of exhibits dealt with the so – called Peterloo Massacre, which, while not actually taking place in Oldham, was felt to be a relevant indicator of the political climate in the Manchester area at the time.
The sound – installation has (in common with Living Steam) a time based structure with a clear beginning and end and a duration of 15 minutes. It was heard in alternation with a Vox-Pop video documentary examining contemporary political attitudes in Oldham, and consequently ran every 40 minutes for the 7 month duration of the exhibition. The curator’s brief was very open: to respond in some way to the theme of the exhibition and enliven a largely text-based presentation through the use of sound.
The space in which the exhibition took place was a square room at the top of a large staircase with double doors in the centre of one of the shorter walls and another smaller door in the corner on the wall opposite, leading to the rest of the anniversary exhibition, rooms devoted to industry, multicultural life and entertainment. The Radical Thinkers room was the first room one came to (after a video piece in the stairwell).
One prominent feature of the space that was of immediate appeal was that the longer pair of walls, which were free of doorways, had a false wall built out in front of the original wall to conceal recently installed air conditioning. Three buttresses on either side connected the ceiling to the original walls and where these met, there were 6 small niches in the false walls, three in each, roughly at ear height, in which loudspeakers could be placed flush with the exhibition wall.
Another notable aspect of the space was the fact that the centre of the room was inaccessible due to a covered glass ceiling of the Library below, so while visually, and aurally, spacious, the architecture restricted movement to a narrow corridor around the sides of the room. This became an important consideration in the composition of the musical space as the audience was forced to file past the loudspeakers and was never at an equal distance from each speaker. This seeming limitation was turned to an advantage and became a major part of the overall conception and form of the work.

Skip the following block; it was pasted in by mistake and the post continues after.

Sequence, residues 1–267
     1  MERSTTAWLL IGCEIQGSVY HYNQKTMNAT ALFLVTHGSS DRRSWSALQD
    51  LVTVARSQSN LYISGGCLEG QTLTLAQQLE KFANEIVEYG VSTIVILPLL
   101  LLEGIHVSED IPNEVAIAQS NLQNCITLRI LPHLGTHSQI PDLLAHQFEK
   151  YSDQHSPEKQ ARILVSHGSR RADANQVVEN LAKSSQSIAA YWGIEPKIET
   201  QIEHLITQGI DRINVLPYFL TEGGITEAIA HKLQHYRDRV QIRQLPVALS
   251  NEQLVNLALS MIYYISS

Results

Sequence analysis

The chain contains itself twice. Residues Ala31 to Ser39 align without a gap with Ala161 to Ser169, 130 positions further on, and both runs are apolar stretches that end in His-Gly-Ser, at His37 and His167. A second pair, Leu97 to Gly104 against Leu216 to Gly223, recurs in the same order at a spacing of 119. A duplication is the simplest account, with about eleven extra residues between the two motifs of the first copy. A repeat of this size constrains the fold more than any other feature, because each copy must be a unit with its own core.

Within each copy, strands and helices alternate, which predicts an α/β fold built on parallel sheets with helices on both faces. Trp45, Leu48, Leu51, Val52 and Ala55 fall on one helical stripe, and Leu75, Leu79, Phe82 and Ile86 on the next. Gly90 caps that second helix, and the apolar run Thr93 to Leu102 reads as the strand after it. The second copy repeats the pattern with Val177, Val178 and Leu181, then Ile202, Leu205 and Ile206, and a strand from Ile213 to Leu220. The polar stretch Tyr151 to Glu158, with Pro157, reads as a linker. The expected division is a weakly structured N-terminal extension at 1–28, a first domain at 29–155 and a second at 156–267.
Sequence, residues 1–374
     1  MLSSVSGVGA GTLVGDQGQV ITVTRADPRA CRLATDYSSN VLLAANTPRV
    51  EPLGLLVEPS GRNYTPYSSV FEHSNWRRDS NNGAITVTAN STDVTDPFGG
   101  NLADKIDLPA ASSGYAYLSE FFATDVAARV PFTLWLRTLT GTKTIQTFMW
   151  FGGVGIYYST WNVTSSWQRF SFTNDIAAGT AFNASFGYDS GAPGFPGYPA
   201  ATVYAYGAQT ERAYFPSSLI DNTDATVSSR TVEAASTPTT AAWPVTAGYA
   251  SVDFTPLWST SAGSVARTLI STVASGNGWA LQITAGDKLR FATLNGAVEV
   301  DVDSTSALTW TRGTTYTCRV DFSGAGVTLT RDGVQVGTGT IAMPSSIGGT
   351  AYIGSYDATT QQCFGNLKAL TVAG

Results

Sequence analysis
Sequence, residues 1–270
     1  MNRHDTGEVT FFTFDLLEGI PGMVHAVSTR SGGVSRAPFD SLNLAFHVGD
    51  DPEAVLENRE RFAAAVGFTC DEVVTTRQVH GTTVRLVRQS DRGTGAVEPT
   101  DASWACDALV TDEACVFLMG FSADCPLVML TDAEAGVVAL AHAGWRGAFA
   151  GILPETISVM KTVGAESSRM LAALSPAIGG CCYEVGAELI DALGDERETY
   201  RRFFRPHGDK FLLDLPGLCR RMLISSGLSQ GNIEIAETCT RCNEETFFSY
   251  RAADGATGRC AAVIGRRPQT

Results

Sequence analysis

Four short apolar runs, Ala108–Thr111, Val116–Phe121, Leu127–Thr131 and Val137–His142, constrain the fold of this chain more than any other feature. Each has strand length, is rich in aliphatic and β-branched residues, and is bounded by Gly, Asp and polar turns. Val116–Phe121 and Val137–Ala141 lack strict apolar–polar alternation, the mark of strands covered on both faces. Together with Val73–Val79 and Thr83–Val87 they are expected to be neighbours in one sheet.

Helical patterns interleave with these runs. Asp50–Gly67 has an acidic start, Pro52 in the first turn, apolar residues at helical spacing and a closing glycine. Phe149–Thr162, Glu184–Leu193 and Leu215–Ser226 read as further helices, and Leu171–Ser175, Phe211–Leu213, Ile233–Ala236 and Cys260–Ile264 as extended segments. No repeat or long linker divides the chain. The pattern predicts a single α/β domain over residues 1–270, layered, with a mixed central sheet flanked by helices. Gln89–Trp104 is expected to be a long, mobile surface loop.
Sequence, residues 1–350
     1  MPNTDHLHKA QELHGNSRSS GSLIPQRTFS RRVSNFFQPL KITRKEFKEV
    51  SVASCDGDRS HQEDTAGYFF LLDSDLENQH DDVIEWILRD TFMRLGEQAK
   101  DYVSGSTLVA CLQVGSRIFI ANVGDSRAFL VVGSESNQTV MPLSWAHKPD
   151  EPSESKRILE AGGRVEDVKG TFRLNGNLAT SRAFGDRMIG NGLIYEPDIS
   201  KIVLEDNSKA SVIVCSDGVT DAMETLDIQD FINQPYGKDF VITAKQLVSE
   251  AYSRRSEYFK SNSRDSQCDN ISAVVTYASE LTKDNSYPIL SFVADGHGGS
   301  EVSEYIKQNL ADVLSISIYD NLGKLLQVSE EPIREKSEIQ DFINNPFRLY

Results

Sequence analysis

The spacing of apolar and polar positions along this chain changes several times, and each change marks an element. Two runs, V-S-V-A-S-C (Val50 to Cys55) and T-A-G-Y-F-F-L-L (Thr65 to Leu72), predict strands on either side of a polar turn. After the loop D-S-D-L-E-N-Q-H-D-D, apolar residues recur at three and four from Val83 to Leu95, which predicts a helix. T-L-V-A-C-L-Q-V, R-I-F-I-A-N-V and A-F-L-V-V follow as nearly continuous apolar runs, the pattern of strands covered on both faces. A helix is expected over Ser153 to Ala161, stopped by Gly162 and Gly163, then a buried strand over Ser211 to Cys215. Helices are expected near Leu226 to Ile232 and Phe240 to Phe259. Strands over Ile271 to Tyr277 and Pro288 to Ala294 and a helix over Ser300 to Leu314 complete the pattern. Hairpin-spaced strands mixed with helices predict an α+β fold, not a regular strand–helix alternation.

The usefulness of the niches to conceal loudspeakers was confirmed in my mind when, in the curator’s office, I saw a photograph of the inside of a textile mill with rows and rows of industrial looms. The idea of recreating the sound of multiple looms through multiple loudspeakers in a similar configuration along parallel walls sprung immediately to mind along with the sound of many voices, symbolising the massed political activity that led to reform. It was decided then to place small loudspeakers in each of the six niches and four larger speakers (partly to compensate for the poor bass response of the wall speakers) at the four corners of the room. Car speakers were used in the wall niches and these were covered with speaker baffle material. A set of four Warfdale Hi-Fi speakers were used for the four corners.
The piece was conceived to run off 4 CD players, one for the four corner speakers and three for the six wall speakers. The piece was composed in such a way as to